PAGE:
The RBI on Thursday called on the Supreme Court to overturn its restraining order, which found accounts opened by Jan.
As a relief for stressed borrowers who are in distress due to the effects of the COVID-19 pandemic, the Supreme Court issued the injunction on September 3.
The Reserve Bank of India (RBI) attorney informed a bank headed by Judge Ashok Bhushan, who heard a series of pleadings regarding banks charging interest on EMIs from borrowers who claim it took, failed to pay the credit moratorium in the face of the pandemic.
We are facing difficulties due to the order prohibiting the declaration of NPAs, Senior Advocate V Giri on behalf of RBI told the bank while urging the bank to lift the interim order.
The RBI and the Treasury Department have already submitted separate additional affidavits to the Supreme Court stating that banks, financial institutions and non-banks will be allowed up to Rs 2 crore up to 5 during the period of the moratorium.
Senior attorney Rajiv Dutta, who stood on behalf of one of the petitioners, told the bank that they were grateful to the center and RBI for holding small borrowers and said his plea would be dismissed.
The attorney appearing for the center said that attorney general Tushar Mehta, who has to argue on the matter, was on his feet in another case before a special bench of the Supreme Court.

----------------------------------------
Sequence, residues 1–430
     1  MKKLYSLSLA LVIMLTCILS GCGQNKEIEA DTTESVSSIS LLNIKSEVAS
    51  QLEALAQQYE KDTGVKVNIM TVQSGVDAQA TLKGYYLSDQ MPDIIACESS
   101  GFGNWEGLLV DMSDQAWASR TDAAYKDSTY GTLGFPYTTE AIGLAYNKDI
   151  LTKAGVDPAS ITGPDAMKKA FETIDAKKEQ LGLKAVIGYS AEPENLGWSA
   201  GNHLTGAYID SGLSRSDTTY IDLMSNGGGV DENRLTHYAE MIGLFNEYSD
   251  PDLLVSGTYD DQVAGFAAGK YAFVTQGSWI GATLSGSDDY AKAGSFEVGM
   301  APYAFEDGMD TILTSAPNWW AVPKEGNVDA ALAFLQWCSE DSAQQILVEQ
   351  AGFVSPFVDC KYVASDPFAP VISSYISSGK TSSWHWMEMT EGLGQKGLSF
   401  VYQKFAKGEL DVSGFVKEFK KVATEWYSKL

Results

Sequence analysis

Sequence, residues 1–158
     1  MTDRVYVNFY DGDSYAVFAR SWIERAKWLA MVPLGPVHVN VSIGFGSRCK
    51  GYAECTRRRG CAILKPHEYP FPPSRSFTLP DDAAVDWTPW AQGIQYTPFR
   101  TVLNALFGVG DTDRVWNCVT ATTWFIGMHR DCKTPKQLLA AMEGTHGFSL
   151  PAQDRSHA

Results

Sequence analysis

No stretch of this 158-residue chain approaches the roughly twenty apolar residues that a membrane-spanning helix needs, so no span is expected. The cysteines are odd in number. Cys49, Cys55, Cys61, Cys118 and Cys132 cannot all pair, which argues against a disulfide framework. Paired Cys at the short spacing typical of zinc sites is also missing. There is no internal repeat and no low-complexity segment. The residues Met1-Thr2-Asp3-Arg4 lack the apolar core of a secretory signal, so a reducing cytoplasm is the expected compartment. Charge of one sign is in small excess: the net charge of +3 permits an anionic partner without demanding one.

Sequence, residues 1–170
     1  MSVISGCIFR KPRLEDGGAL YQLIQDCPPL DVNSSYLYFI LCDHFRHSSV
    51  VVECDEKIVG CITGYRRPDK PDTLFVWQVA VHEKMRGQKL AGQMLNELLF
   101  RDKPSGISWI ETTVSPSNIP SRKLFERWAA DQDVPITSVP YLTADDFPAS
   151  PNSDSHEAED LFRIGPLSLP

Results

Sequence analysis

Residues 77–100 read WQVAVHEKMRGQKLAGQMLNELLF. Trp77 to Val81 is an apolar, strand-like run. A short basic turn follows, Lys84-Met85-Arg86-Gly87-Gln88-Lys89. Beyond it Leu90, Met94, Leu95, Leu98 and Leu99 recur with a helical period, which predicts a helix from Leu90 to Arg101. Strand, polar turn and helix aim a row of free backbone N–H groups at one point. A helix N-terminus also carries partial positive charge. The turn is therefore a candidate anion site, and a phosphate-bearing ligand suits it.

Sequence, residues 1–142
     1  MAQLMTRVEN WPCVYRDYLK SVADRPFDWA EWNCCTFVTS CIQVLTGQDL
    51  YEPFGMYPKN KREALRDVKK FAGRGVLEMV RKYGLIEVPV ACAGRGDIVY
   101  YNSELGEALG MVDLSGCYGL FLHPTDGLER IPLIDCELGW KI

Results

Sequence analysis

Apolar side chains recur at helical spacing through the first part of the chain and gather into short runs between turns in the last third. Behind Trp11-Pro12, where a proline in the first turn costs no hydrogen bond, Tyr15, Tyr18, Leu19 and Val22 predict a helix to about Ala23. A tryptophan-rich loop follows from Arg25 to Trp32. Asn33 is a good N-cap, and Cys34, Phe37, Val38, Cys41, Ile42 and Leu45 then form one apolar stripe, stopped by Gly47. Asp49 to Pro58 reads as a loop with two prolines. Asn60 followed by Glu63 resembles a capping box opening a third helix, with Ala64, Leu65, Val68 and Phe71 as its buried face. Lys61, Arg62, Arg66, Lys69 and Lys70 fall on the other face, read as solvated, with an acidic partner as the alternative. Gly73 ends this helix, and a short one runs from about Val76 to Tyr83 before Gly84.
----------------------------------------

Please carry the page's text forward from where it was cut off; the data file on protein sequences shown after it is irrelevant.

Senior attorney AM Singhvi, who appeared on behalf of one of the applicants, said the energy sector needs to be heard.
The bank said it would bring the matter up for a hearing on November 18.
The pleas concerned the charging of interest on interest by banks for EMIs that were not paid by borrowers after the RBI loan moratorium had been invoked from March 1 to August 31.
Previously, the RBI had issued an affidavit that it has asked all banks, financial and non-bank financial institutions to take “necessary measures” to compensate the accounts of eligible borrowers for the difference between compound interest and simple interest on loans of up to. credit Rs 2 crore during the moratorium.
Previously, the central government had informed the Supreme Court that lenders had been asked to reduce the difference between compound interest and simple interest, which had been made during the RBI’s credit moratorium program by April 5th.
The government said the ministry had issued a plan for credit institutions to credit borrowers’ accounts with this amount for the six-month credit moratorium announced after the COVID-19 pandemic.
On October 14, the Supreme Court ruled that the center should implement the interest waiver on loans of up to Rs.2 billion as part of the RBI’s moratorium plan “as soon as possible” and declared that the common man’s Diwali would be in the In the hands of the government.
The RBI had issued the circular on March 27, which enabled credit institutions to grant a moratorium on the payment of installments of fixed-term loans due to the pandemic, due between March 1, 2020 and May 31, 2020. The moratorium was later extended to August 31 of this year.